The Virginian-Pilot
                             THE VIRGINIAN-PILOT 
              Copyright (c) 1994, Landmark Communications, Inc.

DATE: Saturday, August 6, 1994               TAG: 9408060047
COLUMN: Issues of Faith 
SOURCE: Betsy Wright
                                             LENGTH: Medium:   90 lines


THIS PAST spring, I did some work for the Methodist-Presbyterian campus ministry group - Wesley-Westminster House - at Old Dominion University.

Part of my job was running a craft table in one of the dorms. For three hours every Wednesday afternoon, I'd sit and chat with the students, while creating do-dads.

One day, a coed announced that she was going to make an ODU key chain for her mom.

``Oh, she'll just luuuve that,'' replied her friend in a sarcastic tone.

``Yea, I know, but it's kind of like those things I used to make for her in Vacation Bible School . . . totally useless and tasteless. She'll love it!''

Then the young woman looked at me, beamed and said: ``You know, I just realized it, but that's what this reminds me of. This reminds me of Vacation Bible School. . . . Gosh, that was so much fun!''

``Yea!'' said her wise-cracking pal, ``I used to luuuve Vacation Bible School.''

That time the friend wasn't being sarcastic. She was being sincere.

At that moment, I realized that Vacation Bible School is one of the greatest evangelism tools of the Christian church. It's upbeat. It's purposeful. It's fun. It leaves a lasting impression.

What more could you ask for when looking for a way to get out your message?

This year marks the 100th anniversary of the Vacation Bible School program. It started in 1894 when Mrs. D.T. Miles, a Methodist pastor's wife, decided to give the children of Hopedale, Ill., something to do during the summer.

Miles, a former public school teacher, enrolled about 40 children in that first Bible school, which lasted four weeks. Parents contributed $1 per child for supplies, and the Bible Society donated Bibles.

Classes were held in the local school, and an adjoining park was used for recreation. Miles and her teenage assistants led the children in singing, storytelling, contests, recreation and crafts.

The notion took off like wildfire. By 1907, the trend was large enough that a national association was organized.

Today, the national association is gone, but individual denominations run their own programs. Every summer, millions of children attend VBS.

Just like my craft-making friends at ODU, I luuuve Vacation Bible School. At my own church, I've directed one for five years. It's a big job for me and the other 35 adults and teens who run the program. It takes a huge chunk of time, energy, money, food and TLC.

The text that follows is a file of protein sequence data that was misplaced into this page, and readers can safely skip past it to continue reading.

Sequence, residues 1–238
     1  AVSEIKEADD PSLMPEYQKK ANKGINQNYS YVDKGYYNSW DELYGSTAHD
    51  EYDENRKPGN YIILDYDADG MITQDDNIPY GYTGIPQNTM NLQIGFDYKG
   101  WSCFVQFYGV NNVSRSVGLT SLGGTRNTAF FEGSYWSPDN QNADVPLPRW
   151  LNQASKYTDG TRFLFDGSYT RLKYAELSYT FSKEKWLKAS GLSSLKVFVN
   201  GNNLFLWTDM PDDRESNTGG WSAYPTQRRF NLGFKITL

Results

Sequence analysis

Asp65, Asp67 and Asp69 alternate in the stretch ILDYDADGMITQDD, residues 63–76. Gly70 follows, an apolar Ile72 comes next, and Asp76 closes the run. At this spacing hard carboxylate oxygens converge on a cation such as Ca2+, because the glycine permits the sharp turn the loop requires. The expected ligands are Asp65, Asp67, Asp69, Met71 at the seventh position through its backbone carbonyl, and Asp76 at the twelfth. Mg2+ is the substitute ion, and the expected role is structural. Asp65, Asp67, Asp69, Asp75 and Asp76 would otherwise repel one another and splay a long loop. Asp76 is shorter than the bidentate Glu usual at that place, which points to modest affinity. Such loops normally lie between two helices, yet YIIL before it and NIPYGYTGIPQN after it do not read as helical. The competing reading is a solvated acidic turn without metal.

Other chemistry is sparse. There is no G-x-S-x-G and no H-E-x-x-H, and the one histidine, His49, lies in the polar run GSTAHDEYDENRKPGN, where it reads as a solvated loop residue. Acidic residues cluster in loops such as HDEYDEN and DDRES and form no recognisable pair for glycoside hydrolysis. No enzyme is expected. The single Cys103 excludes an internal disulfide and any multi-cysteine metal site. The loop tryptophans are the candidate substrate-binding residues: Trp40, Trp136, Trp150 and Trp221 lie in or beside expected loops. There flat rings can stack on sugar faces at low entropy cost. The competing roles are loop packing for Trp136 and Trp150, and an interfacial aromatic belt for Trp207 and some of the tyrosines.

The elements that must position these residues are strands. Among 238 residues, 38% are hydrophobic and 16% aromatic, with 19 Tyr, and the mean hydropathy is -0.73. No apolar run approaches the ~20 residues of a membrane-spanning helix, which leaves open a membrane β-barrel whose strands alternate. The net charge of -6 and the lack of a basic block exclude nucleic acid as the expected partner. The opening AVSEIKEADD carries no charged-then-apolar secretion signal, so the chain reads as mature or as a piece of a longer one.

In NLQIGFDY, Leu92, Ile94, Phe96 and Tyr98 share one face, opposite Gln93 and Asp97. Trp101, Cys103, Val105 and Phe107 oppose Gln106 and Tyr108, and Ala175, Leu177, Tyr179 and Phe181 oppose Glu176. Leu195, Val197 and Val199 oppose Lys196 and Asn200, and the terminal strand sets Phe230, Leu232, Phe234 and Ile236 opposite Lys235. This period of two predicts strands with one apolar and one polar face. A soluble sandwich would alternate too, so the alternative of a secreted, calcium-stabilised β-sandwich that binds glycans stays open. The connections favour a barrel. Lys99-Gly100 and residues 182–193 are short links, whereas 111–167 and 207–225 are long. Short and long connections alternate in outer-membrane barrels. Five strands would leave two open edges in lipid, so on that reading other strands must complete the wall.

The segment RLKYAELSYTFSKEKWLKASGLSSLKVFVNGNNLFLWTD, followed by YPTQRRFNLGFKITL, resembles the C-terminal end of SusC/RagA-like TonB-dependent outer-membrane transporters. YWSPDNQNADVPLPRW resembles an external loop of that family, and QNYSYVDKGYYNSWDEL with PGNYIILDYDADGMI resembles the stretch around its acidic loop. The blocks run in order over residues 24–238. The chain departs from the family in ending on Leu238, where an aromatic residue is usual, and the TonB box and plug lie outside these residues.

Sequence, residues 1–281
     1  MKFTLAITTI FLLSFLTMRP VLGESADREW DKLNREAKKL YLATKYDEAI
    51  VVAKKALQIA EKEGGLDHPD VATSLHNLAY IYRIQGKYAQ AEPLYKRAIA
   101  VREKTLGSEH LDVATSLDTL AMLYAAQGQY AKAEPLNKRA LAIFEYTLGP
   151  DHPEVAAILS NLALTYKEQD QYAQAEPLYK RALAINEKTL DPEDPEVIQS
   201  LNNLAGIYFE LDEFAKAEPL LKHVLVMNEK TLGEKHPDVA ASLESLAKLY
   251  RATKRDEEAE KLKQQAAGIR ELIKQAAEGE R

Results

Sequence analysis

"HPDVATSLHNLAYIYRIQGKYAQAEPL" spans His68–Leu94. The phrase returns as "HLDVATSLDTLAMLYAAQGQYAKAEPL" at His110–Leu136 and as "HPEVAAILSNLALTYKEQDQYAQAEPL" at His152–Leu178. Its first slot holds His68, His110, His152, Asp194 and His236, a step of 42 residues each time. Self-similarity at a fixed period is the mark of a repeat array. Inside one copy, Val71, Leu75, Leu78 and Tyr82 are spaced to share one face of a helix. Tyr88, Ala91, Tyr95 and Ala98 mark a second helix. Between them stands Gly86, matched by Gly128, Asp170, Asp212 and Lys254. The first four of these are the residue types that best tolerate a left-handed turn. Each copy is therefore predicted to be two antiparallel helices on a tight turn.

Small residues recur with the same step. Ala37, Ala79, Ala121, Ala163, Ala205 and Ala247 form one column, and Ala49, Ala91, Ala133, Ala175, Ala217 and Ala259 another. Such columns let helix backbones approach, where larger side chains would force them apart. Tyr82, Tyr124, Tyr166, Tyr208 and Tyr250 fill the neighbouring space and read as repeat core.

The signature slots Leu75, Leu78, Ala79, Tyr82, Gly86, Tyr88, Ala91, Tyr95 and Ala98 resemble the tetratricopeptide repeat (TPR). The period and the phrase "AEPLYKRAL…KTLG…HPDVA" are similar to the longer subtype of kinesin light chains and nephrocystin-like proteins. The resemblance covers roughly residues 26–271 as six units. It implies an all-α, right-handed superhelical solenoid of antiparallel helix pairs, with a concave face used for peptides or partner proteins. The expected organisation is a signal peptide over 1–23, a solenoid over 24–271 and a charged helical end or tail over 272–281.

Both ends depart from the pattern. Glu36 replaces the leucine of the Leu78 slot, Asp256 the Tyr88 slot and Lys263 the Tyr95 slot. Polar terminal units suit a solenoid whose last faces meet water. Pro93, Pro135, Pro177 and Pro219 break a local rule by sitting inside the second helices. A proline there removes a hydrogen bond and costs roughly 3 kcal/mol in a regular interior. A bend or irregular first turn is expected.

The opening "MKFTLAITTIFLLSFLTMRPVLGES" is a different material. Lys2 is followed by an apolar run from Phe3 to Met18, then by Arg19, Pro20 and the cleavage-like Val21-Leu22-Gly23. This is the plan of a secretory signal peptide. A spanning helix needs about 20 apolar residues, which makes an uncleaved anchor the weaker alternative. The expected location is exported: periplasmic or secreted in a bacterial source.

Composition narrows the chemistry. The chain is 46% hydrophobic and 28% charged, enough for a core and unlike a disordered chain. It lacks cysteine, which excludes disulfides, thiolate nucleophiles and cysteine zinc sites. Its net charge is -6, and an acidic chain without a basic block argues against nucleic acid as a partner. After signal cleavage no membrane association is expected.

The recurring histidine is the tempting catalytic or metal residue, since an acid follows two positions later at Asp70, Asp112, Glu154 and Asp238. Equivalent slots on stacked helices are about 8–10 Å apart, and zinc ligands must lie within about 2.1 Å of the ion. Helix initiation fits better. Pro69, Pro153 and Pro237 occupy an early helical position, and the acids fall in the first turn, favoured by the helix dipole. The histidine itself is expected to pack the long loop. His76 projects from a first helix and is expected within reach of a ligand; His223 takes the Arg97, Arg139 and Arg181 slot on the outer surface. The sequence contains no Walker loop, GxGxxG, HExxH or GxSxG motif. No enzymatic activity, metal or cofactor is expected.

What's the payoff? For me, it came the day I heard those college students talk so positively about their experiences. Those girls had never talked about church, God or anything remotely religious. They had never showed any interest in my pamphlets about campus ministry. They girls seemed almost suspicious of my motives when they heard I was with a ``church group.''

Then one mentioned Vacation Bible School and the whole mood changed. They became animated in their discussion and even told me what church they belonged to back home. They became ``regulars'' at the crafts table.

I believe they opened up to me because they remembered something good about church. They remembered a time and place when they could innocently enjoy crafts and recreation, learn about God and Jesus Christ and have fun too!

Gee, what a concept!

So if it's a given that Vacation Bible School is such a great thing, why is this an Issue of Faith? Well, I've heard of many churches abandoning their programs because of low attendance or because it costs too much.

Don't do it! If you have to move heaven and earth to hold on to a Vacation Bible School program, do it. It might mean being creative - holding a night time intergenerational school, busing in kids from another area, merging with another church, or switching to a senior citizens program - but don't give up. The church needs this kind of positive stuff.

Taking a break. Tomorrow I'll be leaving for a weeklong Appalachian work camp with some of the youth and adults from my church. The week after that, I'll be running my church's Vacation Bible School program.

So for the next two weeks I've invited two avid readers, David Smiley and the Rev. Joan Hedrich Wooten, to be my guest columnists.

I've asked the two to do a face-off on this question: ``Is the institutional church necessary?'' On Aug. 27, I'll print the Reader Response to these guest opinions, and then on Sept. 3, I'll give a wrap-up of the debate along with my two cents on the issue.

I hope you enjoy the lively debate on this important Issue of Faith. MEMO: Every other week, Betsy Mathews Wright publishes responses to her

opinion column. Send responses to Issues of Faith, The Virginian-Pilot,

150 W. Brambleton Ave., Norfolk, Va. 23510; call (804) 446-2273; FAX

(804) 436-2798; or send e-mail to bmw(AT) Deadline is Tuesday

before publication. Must include name, city and phone number.

by CNB